Rick Ragazzo, the Giants' director of international operations, first noticed Villalona at 13, hitting balls all over a field in batting practice. Ragazzo kept in contact with Villalona and his people and phoned Villalona on Aug. 13, Villalona's 16th birthday and, by rules that govern Major League Baseball, the day he became eligible to sign a professional contract.
No representatives from other teams called that day. General manager Brian Sabean offered $2.1 million almost immediately. He had received dazzling reports from Ragazzo and Pablo Peguero, who heads the Giants' Dominican scouting, and he had a video of the kid. Villalona accepted. The contract has not yet been approved, according to Major League Baseball, but is expected to in about a week.
It's the biggest signing bonus the Giants have paid an amateur, topping the $2.025 million they gave Tim Lincecum, selected 10th overall in the June draft. Previously, the most they paid a Latin player was $1.3 million (Cuban Osvaldo Fernandez in 1996), and the most they paid a Dominican was $900,000 (Francisco Liriano in 2000).
"I was mad," said Felix Liriano, who's known in the Dominican as a buscone, a talent scout who recruits teenage prospects and makes them available to big-league clubs for a hefty percentage. "He lost money just to be with San Francisco. I didn't want him to sign with San Francisco. I'm told he could've gotten $3 million from Seattle, and other teams like the Yankees, Mets and Boston were interested.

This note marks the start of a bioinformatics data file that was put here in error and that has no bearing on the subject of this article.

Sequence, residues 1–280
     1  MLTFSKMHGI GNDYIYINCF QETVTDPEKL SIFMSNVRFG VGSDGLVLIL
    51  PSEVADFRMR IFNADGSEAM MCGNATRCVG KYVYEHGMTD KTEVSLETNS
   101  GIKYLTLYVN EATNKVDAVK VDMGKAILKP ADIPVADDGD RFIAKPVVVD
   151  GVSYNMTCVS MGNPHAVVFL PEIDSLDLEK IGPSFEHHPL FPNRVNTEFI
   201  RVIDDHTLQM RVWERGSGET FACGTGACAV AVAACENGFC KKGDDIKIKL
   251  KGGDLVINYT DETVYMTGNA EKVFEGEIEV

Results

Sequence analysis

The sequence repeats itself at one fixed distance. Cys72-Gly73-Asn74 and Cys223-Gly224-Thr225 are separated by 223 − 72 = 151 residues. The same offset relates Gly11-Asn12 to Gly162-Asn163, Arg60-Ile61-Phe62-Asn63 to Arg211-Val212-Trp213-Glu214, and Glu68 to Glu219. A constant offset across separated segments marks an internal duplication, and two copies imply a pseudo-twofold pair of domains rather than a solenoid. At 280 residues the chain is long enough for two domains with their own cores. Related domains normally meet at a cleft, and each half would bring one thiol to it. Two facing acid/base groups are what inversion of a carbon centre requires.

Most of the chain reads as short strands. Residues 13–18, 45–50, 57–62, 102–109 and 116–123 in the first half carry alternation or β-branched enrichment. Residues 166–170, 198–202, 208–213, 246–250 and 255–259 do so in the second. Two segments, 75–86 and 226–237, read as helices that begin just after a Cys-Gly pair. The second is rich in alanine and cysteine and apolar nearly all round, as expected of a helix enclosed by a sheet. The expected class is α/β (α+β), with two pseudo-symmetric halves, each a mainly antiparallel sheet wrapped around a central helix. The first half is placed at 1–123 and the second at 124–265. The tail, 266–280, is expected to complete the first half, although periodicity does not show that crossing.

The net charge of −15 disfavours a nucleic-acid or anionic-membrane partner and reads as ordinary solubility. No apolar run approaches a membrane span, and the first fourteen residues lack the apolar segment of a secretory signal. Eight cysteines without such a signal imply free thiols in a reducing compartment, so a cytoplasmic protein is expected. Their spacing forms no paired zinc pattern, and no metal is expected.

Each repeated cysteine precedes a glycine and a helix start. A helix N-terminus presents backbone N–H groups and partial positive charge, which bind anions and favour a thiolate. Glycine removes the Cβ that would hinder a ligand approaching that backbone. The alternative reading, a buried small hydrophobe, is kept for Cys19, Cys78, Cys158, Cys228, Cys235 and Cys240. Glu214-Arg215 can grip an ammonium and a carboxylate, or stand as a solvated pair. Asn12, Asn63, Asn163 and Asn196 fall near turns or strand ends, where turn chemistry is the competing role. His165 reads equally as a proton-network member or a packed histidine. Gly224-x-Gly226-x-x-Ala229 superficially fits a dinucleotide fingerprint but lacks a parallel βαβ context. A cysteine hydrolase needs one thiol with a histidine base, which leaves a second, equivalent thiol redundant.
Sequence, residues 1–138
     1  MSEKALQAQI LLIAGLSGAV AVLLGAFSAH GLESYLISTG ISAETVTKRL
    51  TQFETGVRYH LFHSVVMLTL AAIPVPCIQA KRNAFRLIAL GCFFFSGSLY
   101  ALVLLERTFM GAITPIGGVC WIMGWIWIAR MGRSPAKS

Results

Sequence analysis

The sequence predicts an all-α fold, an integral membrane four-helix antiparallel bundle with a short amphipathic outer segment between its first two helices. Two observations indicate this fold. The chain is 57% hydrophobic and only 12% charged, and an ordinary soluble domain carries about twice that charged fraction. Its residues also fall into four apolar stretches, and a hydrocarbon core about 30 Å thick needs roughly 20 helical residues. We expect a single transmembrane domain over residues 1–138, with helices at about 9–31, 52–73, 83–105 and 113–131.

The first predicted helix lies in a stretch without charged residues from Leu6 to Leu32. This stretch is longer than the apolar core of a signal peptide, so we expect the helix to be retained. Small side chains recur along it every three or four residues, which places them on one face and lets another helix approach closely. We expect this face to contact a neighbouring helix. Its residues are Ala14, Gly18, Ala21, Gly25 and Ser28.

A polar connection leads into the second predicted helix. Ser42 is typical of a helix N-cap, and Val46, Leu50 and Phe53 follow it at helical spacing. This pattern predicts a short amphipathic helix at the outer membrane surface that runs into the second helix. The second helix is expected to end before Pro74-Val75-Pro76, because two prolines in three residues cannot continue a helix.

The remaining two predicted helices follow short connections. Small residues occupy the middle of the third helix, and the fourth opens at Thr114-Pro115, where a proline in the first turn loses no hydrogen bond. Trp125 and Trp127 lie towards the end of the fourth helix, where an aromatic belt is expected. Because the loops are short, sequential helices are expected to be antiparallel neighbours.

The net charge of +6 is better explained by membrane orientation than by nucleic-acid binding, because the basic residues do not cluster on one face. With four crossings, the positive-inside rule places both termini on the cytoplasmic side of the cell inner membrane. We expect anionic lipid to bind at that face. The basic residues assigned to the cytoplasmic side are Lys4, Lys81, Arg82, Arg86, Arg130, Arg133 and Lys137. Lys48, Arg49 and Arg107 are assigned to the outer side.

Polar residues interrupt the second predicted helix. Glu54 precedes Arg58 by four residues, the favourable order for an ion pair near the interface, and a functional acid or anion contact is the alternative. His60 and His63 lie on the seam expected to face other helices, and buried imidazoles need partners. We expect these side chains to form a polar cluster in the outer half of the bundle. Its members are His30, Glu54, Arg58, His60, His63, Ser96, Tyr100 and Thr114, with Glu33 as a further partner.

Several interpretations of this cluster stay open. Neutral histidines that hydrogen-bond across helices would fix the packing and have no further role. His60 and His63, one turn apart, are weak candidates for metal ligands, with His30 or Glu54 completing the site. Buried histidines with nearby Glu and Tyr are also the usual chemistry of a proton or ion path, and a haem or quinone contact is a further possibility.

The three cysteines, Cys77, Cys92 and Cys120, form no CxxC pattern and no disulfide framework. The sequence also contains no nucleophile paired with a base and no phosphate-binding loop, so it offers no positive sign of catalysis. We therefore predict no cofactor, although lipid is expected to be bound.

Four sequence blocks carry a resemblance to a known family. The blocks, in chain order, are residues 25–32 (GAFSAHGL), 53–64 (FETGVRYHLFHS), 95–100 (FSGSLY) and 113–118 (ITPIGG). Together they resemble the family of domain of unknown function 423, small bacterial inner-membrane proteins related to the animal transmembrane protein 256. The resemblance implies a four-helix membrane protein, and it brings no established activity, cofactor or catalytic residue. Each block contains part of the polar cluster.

"Rick and Pablo, they made Angel feel special. Money's not everything to him. He grew up in a poor town, but I've given him what he's needed the last three years. He came out of poverty, and I gave him everything. He didn't have to worry about food or clothes, so money's not everything."
Liriano, a former Class A pitcher with the Tigers, said he's receiving 30 percent of Villalona's bonus -- or $630,000 -- a far greater amount than the 4-5 percent big-leaguers' agents generally receive.
But Liriano said he invested $90,000 in Villalona, put him up in the capital of Santo Domingo from age 13, exposed him to big-league scouts and opened a grocery store for his mother, Elizabeth, at her home in La Romana, on the Dominican's southeastern coast.
(Agent Scott Boras said he also has a role in representing Villalona and sent documentation to the Giants. He reportedly threatened litigation against the Giants for not including him in negotiations. The Giants say they did everything by the book and dealt directly with the family and Liriano.)